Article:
(The Rev. Michael McBride is pastor of The Way Church in Berkeley, California, and national director of Faith in Action’s urban strategies and LIVE FREE Project. The Rev. Leah Daughtry, former CEO of the Democratic National Convention Committee, is presiding prelate-elect of The House of the Lord Churches and a founding board member of the Black Church PAC. The views expressed in this commentary do not necessarily reflect those of Religion News Service.)
NEW JERSEY STAR: Newark Mayor Cory Booker is often compared to President Barack Obama because of his youthful charisma, Ivy League pedigree, and post-racial persona. (Photo: Jonathan Ernst/Newscom)
Fueling speculation about his White House ambitions, New Jersey Sen. Cory Booker will headline a Democratic fundraiser in South Carolina, which hosts the South’s first presidential primary.
The Orangeburg County Democratic Party told The Associated Press that Booker is scheduled to attend its annual fundraising gala Oct. 18. That will put him in front of more than 1,000 South Carolina Democrats, including many of the state’s most prominent black leaders and activists.
The event will mark Booker’s first trip to South Carolina since President Donald Trump took office. South Carolina is the first early voting state with a significant black population.
Booker, one of three African-American senators, sought to frame his South Carolina trip in the context of the November midterm election, and a Booker aide said the South Carolina trip would involve additional appearances on behalf of Democratic candidates running this year.
“As I’ve traveled across the country campaigning, I’ve seen unprecedented enthusiasm for a new generation of Democratic candidates,” Booker said in a statement. “Now, we must turn that energy into action.”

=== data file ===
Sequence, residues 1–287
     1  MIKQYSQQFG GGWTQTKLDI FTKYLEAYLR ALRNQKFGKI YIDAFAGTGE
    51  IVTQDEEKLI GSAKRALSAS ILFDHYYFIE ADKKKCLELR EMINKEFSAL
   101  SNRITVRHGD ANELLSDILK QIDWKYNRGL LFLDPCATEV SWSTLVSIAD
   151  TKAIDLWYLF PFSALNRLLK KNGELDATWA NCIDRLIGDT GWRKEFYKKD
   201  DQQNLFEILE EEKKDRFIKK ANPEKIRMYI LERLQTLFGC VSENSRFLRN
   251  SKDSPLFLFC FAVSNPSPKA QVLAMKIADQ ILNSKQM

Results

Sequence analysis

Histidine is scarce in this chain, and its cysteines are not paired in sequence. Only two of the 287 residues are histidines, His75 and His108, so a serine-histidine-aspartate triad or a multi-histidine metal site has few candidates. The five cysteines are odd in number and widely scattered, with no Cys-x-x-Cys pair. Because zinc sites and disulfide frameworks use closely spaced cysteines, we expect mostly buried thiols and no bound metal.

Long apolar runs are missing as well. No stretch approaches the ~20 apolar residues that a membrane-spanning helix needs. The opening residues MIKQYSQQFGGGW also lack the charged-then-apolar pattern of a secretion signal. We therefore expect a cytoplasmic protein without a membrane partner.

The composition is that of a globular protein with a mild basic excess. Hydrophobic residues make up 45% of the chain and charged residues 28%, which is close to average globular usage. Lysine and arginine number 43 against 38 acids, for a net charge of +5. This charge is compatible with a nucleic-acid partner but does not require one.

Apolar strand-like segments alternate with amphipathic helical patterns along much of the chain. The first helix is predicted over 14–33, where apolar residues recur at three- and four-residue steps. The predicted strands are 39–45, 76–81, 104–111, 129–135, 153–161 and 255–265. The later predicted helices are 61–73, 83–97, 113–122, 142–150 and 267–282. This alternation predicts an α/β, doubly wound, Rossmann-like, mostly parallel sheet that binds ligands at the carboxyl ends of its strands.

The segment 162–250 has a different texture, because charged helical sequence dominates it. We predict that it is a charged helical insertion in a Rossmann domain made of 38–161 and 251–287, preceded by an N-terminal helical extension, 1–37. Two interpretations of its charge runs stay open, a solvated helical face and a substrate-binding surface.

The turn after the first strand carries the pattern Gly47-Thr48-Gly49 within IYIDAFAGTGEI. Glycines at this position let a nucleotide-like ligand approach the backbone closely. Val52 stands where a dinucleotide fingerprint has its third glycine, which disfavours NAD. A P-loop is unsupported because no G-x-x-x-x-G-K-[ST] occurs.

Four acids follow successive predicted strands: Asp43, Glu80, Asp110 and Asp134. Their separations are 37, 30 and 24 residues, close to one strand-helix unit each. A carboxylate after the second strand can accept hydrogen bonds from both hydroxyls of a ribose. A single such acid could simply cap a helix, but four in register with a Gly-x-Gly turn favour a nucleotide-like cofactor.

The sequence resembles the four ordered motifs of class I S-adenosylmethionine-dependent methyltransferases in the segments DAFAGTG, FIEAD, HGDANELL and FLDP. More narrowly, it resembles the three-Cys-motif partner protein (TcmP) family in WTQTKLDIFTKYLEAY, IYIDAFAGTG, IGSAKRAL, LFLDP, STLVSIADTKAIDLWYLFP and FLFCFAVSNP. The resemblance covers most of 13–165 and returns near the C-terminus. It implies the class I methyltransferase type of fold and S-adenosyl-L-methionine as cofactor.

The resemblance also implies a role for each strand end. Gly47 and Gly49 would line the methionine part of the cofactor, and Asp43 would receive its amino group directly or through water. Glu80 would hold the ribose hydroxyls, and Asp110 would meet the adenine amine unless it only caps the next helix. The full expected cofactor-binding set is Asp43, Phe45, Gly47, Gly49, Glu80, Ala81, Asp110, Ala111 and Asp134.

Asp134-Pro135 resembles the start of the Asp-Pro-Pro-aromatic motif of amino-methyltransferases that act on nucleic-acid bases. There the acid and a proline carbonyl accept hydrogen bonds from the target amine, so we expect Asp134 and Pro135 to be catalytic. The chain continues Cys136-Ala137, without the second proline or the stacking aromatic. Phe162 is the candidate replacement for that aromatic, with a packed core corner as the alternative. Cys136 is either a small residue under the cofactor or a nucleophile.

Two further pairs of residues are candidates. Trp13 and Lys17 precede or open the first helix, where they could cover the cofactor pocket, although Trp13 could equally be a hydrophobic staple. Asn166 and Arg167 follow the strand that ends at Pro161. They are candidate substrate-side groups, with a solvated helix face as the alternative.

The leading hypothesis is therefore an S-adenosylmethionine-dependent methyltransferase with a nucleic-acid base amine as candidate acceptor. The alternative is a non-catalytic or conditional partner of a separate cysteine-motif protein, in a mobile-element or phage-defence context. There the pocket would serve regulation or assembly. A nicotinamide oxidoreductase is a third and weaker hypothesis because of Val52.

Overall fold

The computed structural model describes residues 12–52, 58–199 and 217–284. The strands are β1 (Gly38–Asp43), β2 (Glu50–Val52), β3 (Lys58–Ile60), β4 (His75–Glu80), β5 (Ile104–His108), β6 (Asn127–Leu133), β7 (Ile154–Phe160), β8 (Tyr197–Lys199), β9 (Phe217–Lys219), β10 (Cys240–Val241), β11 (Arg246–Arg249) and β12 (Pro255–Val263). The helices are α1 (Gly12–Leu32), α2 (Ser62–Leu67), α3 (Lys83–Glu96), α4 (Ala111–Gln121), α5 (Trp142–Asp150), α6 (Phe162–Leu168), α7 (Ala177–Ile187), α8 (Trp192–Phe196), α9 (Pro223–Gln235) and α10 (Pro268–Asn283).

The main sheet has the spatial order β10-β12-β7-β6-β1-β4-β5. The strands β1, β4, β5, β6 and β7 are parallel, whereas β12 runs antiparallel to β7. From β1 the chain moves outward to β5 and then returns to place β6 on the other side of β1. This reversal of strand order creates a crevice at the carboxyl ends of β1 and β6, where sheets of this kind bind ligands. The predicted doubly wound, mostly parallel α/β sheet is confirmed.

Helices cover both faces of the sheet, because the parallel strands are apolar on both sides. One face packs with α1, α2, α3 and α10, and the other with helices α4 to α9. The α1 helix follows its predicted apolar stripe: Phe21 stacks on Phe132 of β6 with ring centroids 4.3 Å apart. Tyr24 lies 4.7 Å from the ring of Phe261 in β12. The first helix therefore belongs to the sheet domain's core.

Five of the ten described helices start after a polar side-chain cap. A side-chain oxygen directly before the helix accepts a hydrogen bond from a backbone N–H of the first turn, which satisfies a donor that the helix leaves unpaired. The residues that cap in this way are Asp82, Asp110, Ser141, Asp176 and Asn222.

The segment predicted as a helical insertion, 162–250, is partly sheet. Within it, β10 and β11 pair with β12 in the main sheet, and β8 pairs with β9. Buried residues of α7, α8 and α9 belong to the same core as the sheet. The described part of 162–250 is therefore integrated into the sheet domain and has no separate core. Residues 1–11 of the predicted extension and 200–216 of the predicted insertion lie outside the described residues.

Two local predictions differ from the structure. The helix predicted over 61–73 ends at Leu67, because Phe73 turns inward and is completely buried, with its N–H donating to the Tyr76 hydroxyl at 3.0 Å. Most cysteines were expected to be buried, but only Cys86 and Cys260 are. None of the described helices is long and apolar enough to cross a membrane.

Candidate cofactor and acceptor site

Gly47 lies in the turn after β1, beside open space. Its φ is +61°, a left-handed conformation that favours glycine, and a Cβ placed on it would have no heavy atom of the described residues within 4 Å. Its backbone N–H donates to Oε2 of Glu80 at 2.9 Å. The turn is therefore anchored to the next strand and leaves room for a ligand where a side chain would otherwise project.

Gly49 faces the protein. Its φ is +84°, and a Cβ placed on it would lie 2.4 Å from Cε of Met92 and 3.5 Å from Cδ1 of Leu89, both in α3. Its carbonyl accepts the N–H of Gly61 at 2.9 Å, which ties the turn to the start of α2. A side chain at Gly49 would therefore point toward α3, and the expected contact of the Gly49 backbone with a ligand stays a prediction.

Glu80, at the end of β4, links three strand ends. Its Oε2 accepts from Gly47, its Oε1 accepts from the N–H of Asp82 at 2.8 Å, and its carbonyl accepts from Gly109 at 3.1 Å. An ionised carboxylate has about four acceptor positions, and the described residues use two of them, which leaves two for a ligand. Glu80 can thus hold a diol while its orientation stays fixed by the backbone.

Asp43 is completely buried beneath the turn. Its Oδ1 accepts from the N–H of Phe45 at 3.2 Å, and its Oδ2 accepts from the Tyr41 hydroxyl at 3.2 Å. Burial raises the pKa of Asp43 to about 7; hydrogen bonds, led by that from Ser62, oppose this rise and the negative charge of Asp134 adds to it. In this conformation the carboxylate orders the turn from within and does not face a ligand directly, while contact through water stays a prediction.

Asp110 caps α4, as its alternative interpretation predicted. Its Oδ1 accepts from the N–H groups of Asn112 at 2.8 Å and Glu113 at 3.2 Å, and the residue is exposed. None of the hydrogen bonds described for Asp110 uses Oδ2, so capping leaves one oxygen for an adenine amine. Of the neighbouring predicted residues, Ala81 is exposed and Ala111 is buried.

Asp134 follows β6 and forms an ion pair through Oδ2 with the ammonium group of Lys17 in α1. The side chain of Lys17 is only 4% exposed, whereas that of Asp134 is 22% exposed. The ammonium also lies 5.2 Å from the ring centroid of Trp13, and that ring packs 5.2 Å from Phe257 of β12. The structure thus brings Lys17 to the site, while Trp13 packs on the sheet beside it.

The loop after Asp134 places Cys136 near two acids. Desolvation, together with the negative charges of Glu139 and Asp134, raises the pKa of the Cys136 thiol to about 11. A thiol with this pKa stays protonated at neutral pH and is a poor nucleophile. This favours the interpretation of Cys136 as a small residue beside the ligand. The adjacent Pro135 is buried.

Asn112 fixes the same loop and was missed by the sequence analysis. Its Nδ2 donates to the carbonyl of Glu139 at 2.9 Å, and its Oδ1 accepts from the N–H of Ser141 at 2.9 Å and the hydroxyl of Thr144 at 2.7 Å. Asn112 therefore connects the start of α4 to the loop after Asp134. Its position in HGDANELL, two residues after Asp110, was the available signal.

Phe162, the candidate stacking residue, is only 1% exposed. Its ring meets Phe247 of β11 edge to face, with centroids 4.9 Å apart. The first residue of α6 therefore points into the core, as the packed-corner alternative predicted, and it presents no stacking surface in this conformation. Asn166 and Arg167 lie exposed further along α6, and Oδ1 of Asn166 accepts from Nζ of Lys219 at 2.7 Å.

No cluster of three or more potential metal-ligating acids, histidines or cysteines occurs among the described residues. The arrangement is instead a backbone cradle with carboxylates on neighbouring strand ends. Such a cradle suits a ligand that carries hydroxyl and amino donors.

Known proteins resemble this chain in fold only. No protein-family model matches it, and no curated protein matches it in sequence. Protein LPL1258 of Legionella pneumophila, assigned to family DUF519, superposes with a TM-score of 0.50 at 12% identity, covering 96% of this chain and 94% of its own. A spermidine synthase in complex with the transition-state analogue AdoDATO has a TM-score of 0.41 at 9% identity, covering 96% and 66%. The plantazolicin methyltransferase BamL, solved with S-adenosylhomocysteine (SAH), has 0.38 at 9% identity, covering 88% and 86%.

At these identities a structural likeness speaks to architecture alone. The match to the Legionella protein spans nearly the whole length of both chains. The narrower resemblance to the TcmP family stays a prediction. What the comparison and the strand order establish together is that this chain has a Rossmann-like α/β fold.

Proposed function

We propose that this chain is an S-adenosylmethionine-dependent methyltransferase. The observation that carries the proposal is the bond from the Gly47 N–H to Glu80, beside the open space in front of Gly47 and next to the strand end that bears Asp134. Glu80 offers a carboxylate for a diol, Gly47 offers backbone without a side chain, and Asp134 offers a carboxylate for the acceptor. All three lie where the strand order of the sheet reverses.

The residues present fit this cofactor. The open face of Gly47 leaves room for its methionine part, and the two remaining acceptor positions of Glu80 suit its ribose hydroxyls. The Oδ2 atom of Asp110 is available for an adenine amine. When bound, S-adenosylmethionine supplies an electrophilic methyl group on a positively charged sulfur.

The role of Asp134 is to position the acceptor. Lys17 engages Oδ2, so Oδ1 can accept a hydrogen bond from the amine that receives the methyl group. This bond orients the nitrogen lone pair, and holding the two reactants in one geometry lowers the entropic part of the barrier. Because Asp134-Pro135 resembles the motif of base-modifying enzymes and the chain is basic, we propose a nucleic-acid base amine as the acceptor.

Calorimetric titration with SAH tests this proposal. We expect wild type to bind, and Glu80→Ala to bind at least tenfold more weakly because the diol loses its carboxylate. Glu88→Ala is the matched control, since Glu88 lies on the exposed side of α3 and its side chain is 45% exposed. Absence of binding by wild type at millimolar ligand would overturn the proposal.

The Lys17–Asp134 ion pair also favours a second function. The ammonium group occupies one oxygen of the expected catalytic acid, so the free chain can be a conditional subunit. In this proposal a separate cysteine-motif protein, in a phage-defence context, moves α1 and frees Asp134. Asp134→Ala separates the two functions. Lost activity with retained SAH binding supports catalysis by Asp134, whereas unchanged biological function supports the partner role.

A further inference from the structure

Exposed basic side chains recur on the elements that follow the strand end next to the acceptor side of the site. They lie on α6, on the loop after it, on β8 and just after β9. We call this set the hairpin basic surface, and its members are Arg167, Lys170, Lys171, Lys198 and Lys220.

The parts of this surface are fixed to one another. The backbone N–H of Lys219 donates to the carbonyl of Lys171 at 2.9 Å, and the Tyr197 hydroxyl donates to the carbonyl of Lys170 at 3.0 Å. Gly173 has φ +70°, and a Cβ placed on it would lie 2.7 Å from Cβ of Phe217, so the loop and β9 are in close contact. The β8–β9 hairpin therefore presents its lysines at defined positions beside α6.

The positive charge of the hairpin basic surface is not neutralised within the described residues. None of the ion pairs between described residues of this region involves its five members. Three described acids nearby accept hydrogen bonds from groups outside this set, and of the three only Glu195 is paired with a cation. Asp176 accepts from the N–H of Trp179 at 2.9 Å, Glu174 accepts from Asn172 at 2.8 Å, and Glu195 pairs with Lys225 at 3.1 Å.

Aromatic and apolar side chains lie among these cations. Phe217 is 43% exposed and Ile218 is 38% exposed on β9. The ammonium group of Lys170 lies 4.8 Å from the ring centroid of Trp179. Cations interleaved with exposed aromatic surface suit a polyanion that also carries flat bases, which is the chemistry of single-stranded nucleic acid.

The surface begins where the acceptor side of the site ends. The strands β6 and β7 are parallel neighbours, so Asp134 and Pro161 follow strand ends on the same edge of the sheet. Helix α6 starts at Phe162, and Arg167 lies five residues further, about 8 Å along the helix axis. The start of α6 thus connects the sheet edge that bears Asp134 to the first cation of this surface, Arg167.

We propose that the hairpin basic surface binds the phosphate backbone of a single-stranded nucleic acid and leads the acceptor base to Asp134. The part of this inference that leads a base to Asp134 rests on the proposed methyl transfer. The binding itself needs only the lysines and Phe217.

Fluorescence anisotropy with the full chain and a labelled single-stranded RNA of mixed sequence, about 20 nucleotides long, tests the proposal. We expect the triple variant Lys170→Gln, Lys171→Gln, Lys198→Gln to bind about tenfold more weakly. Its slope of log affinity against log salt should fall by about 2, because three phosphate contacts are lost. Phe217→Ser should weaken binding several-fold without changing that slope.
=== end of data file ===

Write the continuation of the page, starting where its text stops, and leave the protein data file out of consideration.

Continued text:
Indeed, Booker and other speculative presidential hopefuls like fellow Sens. Kamala Harris of California and Elizabeth Warren of Massachusetts have confined their travel itineraries mostly to midterm battlegrounds, and Warren has her own re-election campaign this year.
But South Carolina Democrats face an uphill battle this November, with gubernatorial nominee James Smith being a decided underdog against incumbent Republican and Trump ally Henry McMaster.
The Orangeburg event coincides with fall homecoming festivities of South Carolina State University, the local historically black campus.
Orangeburg Democratic Chairman Kenny Glover, who issues the invitation, said he simply wanted “a national figure” for the event, but he stopped short of declaring Booker a 2020 favorite. “Oh, we do not endorse,” he said.
Barack Obama in 2008 and Hillary Clinton in 2016 swept South Carolina and other Southern primaries, with their support in the black community fueling early delegate leads that propelled them to the Democratic nomination. In fact, both Obama and Clinton lost the national cumulative white vote, according to primary exit polls, but captured the nomination anyway because of margins among non-whites.